April, 1947. The artist Joy Hester - the beautiful peroxide-blonde bombshell of the Melbourne art world - discovers she is dying of cancer. She is 27 years old. Hester responds to the news as only Hester could - within days, she abandons her artist husband Albert Tucker, leaves her two-year-old son Sweeney asleep in his cot and runs off to Sydney with a lover â€¦
Never widely acknowledged by critics in her day, Hester was one of the first to deal head-on with the inner world of love, sexuality and male-female relationships.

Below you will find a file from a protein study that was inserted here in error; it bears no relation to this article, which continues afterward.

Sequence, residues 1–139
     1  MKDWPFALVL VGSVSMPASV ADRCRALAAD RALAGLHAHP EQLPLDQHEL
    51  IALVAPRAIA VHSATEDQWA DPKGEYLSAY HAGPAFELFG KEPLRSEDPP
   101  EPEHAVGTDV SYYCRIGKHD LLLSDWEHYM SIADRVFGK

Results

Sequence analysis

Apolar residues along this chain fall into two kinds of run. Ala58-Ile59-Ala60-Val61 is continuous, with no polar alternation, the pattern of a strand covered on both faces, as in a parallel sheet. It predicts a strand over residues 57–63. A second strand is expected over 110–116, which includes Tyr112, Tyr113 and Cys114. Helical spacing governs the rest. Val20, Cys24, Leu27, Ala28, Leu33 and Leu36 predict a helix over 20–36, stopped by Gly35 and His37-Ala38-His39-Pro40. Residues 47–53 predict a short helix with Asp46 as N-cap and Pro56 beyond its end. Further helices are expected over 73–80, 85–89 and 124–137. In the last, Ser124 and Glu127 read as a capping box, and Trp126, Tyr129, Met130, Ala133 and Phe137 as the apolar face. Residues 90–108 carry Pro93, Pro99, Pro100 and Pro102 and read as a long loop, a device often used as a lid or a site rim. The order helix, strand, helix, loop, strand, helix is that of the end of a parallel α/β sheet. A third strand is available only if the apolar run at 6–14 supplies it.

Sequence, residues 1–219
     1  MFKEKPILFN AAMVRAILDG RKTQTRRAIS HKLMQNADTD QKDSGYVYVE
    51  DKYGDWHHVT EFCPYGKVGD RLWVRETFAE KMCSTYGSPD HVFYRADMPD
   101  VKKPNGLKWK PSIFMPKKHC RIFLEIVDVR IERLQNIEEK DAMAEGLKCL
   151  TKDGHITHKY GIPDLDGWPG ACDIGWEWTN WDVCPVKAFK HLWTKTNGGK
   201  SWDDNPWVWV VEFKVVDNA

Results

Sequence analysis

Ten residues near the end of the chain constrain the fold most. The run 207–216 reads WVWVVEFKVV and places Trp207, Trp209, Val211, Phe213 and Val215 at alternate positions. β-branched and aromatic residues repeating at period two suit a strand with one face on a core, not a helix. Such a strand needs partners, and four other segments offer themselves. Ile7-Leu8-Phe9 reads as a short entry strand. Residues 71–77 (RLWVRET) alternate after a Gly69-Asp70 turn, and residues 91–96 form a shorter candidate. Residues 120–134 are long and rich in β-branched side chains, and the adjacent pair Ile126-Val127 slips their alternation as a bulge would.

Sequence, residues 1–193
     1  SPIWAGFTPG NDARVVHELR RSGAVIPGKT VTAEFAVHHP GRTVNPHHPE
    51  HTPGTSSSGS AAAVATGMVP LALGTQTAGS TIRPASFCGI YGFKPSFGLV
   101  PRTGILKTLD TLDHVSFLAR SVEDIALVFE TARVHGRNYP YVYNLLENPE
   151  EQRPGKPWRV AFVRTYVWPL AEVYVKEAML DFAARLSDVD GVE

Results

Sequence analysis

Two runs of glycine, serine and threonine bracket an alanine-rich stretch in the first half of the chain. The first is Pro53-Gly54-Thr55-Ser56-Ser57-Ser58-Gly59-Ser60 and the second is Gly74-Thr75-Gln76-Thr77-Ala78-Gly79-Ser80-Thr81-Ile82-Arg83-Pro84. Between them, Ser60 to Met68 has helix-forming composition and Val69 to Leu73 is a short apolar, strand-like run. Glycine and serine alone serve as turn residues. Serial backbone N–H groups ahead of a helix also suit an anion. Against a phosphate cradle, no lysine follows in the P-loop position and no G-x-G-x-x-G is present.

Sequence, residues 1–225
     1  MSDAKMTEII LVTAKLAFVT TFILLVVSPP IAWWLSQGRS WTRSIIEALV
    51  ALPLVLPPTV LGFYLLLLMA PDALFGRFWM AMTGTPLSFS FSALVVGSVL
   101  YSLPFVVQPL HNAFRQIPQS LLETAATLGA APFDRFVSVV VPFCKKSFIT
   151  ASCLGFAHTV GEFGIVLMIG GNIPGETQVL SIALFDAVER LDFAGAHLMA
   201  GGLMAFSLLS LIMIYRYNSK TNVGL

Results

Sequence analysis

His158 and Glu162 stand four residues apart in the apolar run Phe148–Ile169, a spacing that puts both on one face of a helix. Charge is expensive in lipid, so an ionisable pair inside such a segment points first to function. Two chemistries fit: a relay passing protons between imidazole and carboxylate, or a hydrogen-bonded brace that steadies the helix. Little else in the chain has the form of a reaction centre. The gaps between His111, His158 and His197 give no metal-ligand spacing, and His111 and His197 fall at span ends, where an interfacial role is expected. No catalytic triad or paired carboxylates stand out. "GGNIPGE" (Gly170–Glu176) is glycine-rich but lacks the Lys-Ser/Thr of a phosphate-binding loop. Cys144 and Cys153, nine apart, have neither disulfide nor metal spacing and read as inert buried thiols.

Now, 50 years after her death, she has become accepted as one of Australiaâ€™s great artists along with her old friends, lovers, husbands and comrades - Sidney Nolan, Arthur Boyd, Albert Tucker, Charles Blackman and John Perceval.
Her life was short but tumultuous. She flourished at the heart of the radical Bohemian art scene in Melbourne in the 1940s, and in the 1950s her personal life became the raw material for her work: a large volume of brush, pen and ink drawings, oil paintings and many poems, all dealing with the challenging world of sensation and emotion.